Film: Star Wars ends; Batman Begins
A couple of mini-reviews of things I've seen lately, in an effort to make up for my having had so little time to write here.
First, I saw the big-screen rendition of the trailer for Serenity this weekend, and it looks terrific. If you didn't see Firefly, the TV series on which this film is based when it aired on the network I now call TWB (Those Weasel Bastards) for its shabby treatment of the show, you should immediately buy, borrow or rent the DVD series of the aborted first season. (Pay no attention to the cheesy graphics and music on the discs. Just watch the episodes and enjoy.) Then you'll be ready for the feature film. If the writing and the wonderful ensemble performances are as good as those on the small screen, this film will be one of the true highlights of 2005's movie offerings.
Star Wars: Revenge of the Sith: Lord, how I wish George Lucas had stopped after Return of the Jedi, not least because after seeing Sith, I have utterly lost respect for him. I was steeled for a third round of stilted dialogue, pointless (and seemingly endless) graphics sequences and awful performances from actors who clearly know better. I was not prepared for a character to become unrecognizable, a morass of moral confusion and light-saber battles so darkly lit that it was impossible to see the fighting.
The most shocking problem is the sudden, unexplained change in Padme's character. It's painfully obvious that Princess Leia didn't get her spunk from her mother, who, under the stress of Anakin's transformation, loses all will to live even for the sake of her children. (Didn't Leia say, in Jedi, that she vaguely remembered her mother? I guess Lucas forgot.) Padme's main contribution to this story line is to stand around wringing her hands and looking tearful (and very, very pregnant). She does finally work up the gumption to do something really stupid: Go looking for Anakin long after it's too late and arrive just in time for him to whack her one. What a worthless dishrag she'd become by then.
I don't expect a whole lot of moral clarity from Hollywood, but Obi-Wan's final accusation for Anakin ("Only the Sith deal in absolutes!") was just laughable after the Jedi had decided that Anakin had to face the absolute punishment for the absolute crime of killing younglings. (Not that I'm arguing that's not an absolute that ought to be enforced.) This really is something of a case of the kettle and the pot calling each other black. Neither the Jedi nor the Sith manage to hold the moral high ground. In fact, the story seems to argue there's no such thing as a moral high ground. That's sinking pretty low from where the series started.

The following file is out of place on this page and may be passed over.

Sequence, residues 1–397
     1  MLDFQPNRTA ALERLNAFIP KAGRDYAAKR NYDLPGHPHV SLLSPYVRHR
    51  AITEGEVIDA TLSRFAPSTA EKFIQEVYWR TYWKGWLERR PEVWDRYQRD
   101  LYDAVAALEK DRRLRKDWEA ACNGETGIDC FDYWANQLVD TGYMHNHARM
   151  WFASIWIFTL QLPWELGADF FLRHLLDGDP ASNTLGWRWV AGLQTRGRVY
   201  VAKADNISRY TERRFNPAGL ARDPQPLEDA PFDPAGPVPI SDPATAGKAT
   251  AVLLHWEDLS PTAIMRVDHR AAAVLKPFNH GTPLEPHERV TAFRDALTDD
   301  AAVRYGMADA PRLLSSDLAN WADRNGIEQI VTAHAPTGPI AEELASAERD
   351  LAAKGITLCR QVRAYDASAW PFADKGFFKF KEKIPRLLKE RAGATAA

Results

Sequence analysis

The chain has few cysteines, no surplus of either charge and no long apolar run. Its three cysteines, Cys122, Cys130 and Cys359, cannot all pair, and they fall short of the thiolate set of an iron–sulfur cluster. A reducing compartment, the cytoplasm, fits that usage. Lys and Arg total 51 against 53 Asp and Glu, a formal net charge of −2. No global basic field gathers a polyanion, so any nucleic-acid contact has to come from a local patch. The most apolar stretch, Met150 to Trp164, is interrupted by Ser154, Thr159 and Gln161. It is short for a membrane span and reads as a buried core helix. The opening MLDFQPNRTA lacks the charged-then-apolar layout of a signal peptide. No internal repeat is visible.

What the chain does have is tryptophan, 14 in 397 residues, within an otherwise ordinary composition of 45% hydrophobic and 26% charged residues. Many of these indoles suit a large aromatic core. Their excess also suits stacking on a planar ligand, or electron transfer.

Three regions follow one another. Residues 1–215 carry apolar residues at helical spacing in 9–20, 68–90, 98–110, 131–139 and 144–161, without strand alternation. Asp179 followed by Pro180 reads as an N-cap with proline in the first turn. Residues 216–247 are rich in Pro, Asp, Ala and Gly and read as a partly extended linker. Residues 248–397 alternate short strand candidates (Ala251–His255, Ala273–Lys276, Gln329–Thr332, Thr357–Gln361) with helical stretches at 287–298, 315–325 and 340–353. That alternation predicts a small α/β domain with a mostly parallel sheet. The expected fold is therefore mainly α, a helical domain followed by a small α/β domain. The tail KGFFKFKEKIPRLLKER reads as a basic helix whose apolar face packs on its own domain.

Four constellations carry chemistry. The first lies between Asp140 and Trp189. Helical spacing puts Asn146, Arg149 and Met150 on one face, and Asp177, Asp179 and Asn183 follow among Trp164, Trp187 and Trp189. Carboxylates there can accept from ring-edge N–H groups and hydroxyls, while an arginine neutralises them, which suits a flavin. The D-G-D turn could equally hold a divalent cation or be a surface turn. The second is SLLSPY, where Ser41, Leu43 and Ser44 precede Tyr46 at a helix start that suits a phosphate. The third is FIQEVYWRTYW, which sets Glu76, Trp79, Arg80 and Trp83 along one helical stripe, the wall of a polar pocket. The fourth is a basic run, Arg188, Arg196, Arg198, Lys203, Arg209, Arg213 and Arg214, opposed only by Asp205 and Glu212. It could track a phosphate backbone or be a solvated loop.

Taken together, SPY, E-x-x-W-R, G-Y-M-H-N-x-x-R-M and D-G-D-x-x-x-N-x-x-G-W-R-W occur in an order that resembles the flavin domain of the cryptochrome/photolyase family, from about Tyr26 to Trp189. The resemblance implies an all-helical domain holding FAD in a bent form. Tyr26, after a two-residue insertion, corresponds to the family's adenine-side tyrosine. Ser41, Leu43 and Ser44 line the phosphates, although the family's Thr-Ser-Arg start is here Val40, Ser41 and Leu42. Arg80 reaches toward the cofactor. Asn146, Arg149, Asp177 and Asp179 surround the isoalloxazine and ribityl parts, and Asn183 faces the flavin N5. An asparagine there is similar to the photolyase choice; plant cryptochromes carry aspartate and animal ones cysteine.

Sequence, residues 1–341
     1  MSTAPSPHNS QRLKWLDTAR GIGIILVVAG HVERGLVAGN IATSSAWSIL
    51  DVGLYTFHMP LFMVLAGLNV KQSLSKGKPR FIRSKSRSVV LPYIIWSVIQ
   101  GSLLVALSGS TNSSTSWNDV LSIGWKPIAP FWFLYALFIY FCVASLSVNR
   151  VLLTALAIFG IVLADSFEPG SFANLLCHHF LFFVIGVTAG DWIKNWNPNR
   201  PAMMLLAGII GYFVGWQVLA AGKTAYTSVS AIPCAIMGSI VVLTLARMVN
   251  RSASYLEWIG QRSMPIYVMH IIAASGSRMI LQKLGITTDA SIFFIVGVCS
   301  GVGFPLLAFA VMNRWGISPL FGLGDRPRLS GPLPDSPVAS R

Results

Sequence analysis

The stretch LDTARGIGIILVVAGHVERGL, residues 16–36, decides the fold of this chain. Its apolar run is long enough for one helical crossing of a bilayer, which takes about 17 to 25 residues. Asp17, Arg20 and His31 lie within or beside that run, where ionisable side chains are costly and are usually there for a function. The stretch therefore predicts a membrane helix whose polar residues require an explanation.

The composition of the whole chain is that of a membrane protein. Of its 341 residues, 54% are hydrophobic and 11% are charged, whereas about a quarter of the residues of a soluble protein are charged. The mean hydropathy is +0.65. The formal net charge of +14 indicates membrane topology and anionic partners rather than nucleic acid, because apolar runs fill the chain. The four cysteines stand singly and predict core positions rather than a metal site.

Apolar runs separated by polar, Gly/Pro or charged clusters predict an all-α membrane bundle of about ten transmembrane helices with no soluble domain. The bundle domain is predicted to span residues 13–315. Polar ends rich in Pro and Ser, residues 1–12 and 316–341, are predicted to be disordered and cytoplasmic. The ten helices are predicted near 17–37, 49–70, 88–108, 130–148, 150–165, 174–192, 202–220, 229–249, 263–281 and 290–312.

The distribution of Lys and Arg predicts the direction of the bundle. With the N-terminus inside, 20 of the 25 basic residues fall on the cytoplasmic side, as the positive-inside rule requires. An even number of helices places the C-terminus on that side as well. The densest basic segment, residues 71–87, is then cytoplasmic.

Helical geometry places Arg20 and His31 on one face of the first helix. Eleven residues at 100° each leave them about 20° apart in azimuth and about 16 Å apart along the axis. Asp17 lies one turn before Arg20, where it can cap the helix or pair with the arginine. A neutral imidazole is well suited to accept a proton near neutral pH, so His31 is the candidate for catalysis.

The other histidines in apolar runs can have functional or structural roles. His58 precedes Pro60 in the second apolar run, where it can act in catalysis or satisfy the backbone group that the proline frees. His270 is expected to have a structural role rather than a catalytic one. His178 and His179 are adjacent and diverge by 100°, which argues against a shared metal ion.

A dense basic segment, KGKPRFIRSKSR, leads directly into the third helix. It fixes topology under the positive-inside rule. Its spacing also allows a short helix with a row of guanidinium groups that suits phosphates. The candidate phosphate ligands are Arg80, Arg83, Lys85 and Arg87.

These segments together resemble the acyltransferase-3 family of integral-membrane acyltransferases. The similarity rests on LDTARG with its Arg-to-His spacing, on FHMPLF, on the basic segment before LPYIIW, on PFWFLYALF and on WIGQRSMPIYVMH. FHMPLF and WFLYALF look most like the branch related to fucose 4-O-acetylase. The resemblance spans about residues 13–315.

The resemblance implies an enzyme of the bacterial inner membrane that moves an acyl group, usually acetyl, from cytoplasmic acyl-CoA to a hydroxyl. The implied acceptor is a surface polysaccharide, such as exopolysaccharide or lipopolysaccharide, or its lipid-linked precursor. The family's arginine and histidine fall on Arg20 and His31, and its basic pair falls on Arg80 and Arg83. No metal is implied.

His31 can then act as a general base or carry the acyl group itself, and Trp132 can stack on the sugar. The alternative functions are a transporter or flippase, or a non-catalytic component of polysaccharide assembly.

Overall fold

As for everything else, it had all the failings of the first two prequels…except more so, especially in the acting department. It's no longer enough to fall back on the excuse that the dialogue didn't give the actors much to work with--although, in truth the script only favored Ian McDiarmid with anything interesting to say. But Ewan MacGregor, at least, managed to get a little traction into his performance this time. Nobody else did, though, and this from a group that includes Oscar and Emmy nominees. I predict Hayden Christensen will sink even farther and faster into obscurity than Mark Hamill did, and much more deservedly. Hamill, at least, could do more than scowl darkly.
To say this film was an utter disappointment is an understatement--even my very low expectations didn't help. If there's anything nice I can say about it, it's that Jar-Jar Binks never opened his mouth. Honestly, halfway through, I was looking at my watch.
Batman Begins: Movies based on comic books have come a long way recently, but this one sets a new standard, especially in the realm of character development. If I have a minor complaint, it's that the film started off a touch slow. But once it got going, it hit escape velocity and never slowed down. I could nitpick some of the plot logic, but even the story line was so much better than the previous Batman films that there doesn't seem to be much point. The romantic subplot didn't add much, but then, it didn't detract much, either.
There's some moral ambiguity here, too, but it makes pretty good sense in the context of the young Bruce Wayne trying to figure out what his morality is and where to draw the line. A good bit of the film is spent on this struggle to find the boundaries of right and wrong--to make up his mind what the appropriate response to evil is. He attempts to get into the criminal mind but can't quite pull it off. He's willing to get mean, but draws the line at murdering murderers. Ultimately, he comes down to the concept that evil triumphs if good people do nothing. That's simplistic, of course, but in a comic-book movie, I'm willing to overlook thematic material that's painted in broad strokes. Nuance is probably a bit much to ask. And, interestingly, it's exactly the nothing Batman does against Ras al-Ghul that provides a truly satisfying conclusion to the story.
A spectacular cast fires on all cylinders throughout, with Morgan Freeman and Michael Caine occasionally stealing scenes despite Christian Bale's wonderful portrayal of the Dark Knight. Liam Neeson, who must really regret having gotten involved in the Star Wars series, is also a genuine pleasure to watch here.
I really enjoyed watching Bruce and Alfred, with help from Fox, put together all that cool bat-gear. Admit it, you've always wondered about that, right? I particularly liked the misstep with the headgear--there had to be something that didn't work right the first time, and it was a nice touch that made the whole process more believable.
Great fun--bring on the sequel.